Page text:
“The question for many years has been ,what is going to happen to the amount of low clouds?" Sherwood said. "Does it decrease when the Earth warms up or does it stay the same or maybe even increase?  And what we found is that it should be decreasing because of this mixing process, which pulls water vapor away from the layers where these clouds form and causes there to be fewer of them in the warmer atmosphere.” 

Climate models that show a slight global temperature response to carbon dioxide do not take the lower altitude water vapor process into account, according to Sherwood. Instead their simulations assume that all water vapor rises to 15 kilometers and forms clouds. 

“Estimates of the climate sensitivity that have been lower are founded on models of the atmosphere that are not consistent with observations,” he said.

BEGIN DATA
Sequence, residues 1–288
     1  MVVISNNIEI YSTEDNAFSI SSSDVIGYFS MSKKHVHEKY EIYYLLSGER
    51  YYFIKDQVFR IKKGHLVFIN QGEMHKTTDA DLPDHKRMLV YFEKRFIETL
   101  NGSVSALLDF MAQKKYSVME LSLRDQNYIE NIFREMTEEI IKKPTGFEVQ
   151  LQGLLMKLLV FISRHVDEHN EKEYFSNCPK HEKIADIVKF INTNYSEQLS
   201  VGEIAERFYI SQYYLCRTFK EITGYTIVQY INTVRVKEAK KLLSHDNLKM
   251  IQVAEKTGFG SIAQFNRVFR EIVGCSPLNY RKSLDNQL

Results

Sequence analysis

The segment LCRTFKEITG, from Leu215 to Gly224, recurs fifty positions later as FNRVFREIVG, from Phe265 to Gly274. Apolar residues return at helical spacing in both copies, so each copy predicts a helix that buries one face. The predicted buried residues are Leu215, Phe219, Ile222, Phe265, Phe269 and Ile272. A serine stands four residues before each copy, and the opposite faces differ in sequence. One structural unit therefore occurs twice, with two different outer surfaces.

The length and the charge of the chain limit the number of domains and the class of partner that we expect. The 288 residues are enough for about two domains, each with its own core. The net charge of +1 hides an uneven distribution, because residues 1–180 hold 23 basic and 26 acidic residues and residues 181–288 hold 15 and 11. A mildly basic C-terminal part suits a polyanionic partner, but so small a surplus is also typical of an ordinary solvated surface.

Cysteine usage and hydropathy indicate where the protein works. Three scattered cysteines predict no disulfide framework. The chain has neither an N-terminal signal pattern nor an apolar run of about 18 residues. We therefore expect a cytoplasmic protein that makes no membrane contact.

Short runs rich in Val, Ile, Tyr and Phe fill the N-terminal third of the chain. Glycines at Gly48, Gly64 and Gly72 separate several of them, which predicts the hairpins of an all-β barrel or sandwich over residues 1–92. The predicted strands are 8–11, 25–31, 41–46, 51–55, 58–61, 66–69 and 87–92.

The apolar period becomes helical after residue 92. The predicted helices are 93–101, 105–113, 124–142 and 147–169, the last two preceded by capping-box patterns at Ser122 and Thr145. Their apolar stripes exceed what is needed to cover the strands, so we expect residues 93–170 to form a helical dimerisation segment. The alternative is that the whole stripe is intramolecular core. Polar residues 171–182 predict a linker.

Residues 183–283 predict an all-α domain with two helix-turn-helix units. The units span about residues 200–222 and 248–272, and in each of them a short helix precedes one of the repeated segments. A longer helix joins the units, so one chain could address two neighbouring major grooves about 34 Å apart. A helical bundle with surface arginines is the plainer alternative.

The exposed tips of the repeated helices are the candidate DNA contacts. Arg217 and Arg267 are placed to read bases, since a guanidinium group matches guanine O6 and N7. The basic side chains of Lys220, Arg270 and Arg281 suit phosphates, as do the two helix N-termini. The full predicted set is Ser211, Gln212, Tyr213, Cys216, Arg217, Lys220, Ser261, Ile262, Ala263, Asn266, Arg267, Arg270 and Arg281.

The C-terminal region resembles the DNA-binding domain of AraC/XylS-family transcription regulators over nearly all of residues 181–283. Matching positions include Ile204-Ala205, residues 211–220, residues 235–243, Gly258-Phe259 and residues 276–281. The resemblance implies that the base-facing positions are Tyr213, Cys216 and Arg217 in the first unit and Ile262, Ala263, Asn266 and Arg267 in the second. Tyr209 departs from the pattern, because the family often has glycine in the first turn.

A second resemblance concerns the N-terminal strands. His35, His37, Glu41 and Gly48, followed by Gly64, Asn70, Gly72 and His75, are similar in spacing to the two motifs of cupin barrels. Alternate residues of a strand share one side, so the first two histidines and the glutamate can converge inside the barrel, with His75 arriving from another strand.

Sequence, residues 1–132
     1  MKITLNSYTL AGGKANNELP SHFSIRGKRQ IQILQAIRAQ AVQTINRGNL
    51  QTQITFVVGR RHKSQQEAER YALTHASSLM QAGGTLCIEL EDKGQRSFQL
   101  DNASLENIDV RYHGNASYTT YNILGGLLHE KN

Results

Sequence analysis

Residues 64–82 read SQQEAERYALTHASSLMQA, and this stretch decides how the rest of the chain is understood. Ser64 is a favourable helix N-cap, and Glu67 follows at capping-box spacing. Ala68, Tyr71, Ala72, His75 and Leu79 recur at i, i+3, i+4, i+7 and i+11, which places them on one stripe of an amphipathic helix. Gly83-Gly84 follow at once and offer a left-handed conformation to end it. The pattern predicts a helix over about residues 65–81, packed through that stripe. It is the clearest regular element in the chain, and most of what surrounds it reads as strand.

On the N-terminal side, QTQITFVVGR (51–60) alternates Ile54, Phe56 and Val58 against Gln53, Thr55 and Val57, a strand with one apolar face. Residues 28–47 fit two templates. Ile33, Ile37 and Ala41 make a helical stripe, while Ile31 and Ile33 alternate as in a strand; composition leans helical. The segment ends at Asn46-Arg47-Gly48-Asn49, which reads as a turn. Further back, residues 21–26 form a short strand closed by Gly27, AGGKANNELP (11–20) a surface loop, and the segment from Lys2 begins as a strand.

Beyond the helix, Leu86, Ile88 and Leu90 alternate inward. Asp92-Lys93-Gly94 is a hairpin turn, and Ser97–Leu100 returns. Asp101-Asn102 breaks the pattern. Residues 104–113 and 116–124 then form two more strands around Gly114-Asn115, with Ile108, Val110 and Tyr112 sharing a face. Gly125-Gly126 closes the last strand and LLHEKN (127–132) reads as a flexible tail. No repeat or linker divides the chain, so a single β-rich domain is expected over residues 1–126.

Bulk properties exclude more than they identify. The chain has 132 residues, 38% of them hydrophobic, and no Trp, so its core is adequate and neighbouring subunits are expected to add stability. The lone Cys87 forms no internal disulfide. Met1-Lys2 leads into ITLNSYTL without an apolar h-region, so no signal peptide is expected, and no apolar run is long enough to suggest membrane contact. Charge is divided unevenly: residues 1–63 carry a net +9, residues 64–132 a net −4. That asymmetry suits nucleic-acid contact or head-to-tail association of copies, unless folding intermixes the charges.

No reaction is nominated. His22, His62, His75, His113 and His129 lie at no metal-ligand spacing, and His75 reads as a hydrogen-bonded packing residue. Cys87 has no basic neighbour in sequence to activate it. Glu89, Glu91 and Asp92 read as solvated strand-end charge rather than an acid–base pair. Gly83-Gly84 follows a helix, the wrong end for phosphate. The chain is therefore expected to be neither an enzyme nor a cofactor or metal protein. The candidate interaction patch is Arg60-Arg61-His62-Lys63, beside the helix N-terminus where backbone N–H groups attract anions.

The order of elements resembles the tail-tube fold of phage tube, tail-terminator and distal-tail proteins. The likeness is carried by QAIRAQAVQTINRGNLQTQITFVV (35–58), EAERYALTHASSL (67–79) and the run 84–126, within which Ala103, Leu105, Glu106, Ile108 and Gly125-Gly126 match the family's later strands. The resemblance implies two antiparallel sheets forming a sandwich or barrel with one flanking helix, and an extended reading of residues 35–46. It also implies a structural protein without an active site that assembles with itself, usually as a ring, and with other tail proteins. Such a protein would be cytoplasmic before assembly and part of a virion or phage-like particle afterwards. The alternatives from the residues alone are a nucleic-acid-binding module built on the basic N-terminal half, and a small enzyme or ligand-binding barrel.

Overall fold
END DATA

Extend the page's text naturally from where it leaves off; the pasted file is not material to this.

When the processes in climate models are corrected to match the real world observations, the simulations produce cycles that take water vapor to a wider range of heights in the atmosphere. Sherwood says the study is yet another warning to curb emissions or deal with the impacts of climate change.

You May Like

Uganda Court Annuls Anti-Gay Law

Court says law was passed in parliament without enough members present for a full quorum More

Multimedia Thailand Makes Efforts to Improve Conditions for Migrant Laborers

In Thailand, its not uncommon for parents to bring their children to work; one company, in-collaboration with other organizations, address safety concerns More

In Indonesia, Jihad Video Raises Concern

Video calls on Indonesians to join Islamic State of Iraq and the Levant, ISIL More

Featured Videos

Your JavaScript is turned off or you have an old version of Adobe's Flash Player. Get the latest Flash player.
In Thailand, Some Efforts to Improve Conditions For Migrant Laborersi
X
Steve Herman